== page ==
Wednesday, May 30, 2007

I've been sitting here reading the responses to last Friday's blog, wishing I had the e-mail addresses of each poster so that I could respond to them personally. After I posted it Friday, I packed for a weekend trip and forgot about it--not about the pain, but about the actual blog entry. I was pretty surprised to return home and find that there were so many responses, not just from people I know --Jen and Kim--but from others, too. I was pleased, and more than a little humbled, to know that my words have found their way to a listserve and a home school support board, in addition to Susan Ohanian's site. What probably was the biggest surprise was seeing Elizabeth Jaeger's name. Elizabeth and her four friends, the "Downer Five", have been in my thoughts and prayers for several months now. I also received several beautiful e-mail messages from close friends such as Dick Graves, Mary Kay Deen, Sherry Swain and others.

Throughout these past few years, I have tried to keep reminding myself that there are still countless (?) good people in education who, in spite of the fact that the light seems to be going out rapidly, are still working to keep the sparks of sanity alive. However, there are far fewer who are strong and courageous enough to speak up–just a few here and there, it seems. I would tell myself, "They’re not bad people, they’re just weak or scared." I have come to realize and accept that we may never get people to speak out in droves in any given school district or area of the country, but far from being discouraged by this, it should serve to strengthen our resolve to be those lone voices here and there and to know that there are always those others who, whether or not they publicly acknowledge it, are saying the inner and victorious "yes!" to our words. I say that "yes!" when I read about the Downer Five and Doug Christensen and Stephen Krashen and Susan Ohanian and Ken Goodman. Those lone voices crying in the wilderness give hope to all, courage to some and, perhaps, repentance to many.

Most of the teachers and administrators with whom I work can discern the wrongness of NCLB, but they lack either the courage or the know-how to right those wrongs. Of far greater concern to me are those who seem oblivious to the immorality of it all and appear to be genuinely baffled and even irritated when I try to "inform their discretion", to quote Thomas Jefferson. I was accused of being unprofessional and of having a personal agenda to keep the system from working. I was determined not to be sidetracked by those personal attacks and to keep working to keep DIBELS out of my school. To that end, I printed everything I could find about it and distributed it to several of my co-workers. I bought Ken Goodman’s book and gave it to my principal. I knew DIBELS had already been purchased for all three schools in our district, but I still held out hope that somehow none of our children would have to be subjected to it. My blog might have been misleading in that it may have caused readers to infer that my school will be using DIBELS next year in Response to Intervention; it will not. My principal purchased a different tool for progress monitoring. Still, the first weeks of school will be spent administering it to every student in grades K-3 rather than on crucial community-building and gathering information on the whole child. I cannot for the life of me understand why people will not acknowledge that children need to be made to feel safe before they can learn or that learning is not divorced from feeling. Why are these truths viewed as fluffy feel-good extras when they are indisputably the bedrock of learning?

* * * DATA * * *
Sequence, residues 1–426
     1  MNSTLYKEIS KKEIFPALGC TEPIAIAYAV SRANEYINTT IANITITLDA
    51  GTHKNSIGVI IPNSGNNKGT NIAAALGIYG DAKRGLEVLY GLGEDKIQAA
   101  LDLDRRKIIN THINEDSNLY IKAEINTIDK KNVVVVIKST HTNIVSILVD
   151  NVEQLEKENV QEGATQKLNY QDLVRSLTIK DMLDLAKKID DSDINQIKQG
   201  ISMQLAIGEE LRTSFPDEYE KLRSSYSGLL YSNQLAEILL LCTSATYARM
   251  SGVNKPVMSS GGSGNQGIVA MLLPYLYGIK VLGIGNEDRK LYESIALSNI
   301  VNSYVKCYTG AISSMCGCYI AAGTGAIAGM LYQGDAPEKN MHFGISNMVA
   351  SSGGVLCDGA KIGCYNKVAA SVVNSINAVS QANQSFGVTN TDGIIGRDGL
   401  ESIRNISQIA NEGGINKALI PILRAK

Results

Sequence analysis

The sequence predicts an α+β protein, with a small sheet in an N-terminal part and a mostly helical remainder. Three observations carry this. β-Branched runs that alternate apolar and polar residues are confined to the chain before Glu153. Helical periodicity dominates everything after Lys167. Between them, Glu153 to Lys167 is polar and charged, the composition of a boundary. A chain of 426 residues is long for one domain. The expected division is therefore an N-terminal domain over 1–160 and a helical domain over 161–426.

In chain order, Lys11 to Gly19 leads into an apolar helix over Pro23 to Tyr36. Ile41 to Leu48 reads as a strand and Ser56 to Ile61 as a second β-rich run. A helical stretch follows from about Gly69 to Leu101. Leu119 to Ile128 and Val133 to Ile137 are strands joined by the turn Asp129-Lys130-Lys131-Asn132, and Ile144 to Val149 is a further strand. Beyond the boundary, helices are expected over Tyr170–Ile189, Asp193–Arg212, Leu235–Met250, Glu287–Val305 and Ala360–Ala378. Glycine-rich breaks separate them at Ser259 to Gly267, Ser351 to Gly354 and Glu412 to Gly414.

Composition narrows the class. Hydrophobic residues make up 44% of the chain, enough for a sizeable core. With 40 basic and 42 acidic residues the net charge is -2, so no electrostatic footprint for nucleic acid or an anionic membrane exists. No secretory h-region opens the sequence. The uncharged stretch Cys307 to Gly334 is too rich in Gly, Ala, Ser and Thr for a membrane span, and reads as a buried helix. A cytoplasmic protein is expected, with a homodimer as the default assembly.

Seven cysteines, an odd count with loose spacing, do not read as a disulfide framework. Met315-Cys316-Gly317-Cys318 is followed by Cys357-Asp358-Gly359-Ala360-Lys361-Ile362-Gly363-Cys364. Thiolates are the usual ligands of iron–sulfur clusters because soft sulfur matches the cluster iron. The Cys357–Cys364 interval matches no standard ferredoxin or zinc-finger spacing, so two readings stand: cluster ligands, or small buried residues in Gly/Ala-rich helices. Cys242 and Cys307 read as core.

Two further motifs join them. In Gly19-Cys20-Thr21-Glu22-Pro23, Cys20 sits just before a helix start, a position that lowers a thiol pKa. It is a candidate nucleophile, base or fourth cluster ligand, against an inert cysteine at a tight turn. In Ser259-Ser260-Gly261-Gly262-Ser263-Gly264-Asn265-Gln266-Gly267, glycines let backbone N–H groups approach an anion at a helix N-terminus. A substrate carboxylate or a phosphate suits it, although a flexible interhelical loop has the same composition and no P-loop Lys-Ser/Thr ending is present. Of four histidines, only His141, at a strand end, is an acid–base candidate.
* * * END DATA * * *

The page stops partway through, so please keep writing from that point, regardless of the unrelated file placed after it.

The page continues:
I think we absolutely cannot rest until sanity is restored to the system, beginning with a solid definition of what is basic and the conditions in which children, and indeed all humans, learn. It is imperative that the concept of the Big 5 is re-examined and re-defined to acknowledge the fact that the language arts are about communication: listening, speaking, writing, reading, viewing, thinking. Why in the world must people continue to attempt to quantify what cannot be quantified and plotted on a graph? Why must everything be reduced to numbers?

We must not let ourselves fall into that same numbers mentality; if we do, we run the risk of becoming discouraged when we can't drum up the support of large numbers of people. Whether it’s five as at Downer, or twenty, or one, speaking out is always risky because we do not know if others will join us or if our voices will be heard. However, one thing is certain: if we remain silent, it is guaranteed that they will not.

Friday, May 25, 2007

"I’d rather learn from one bird how to sing
than teach ten thousand stars how not to dance."
e.. e. cummings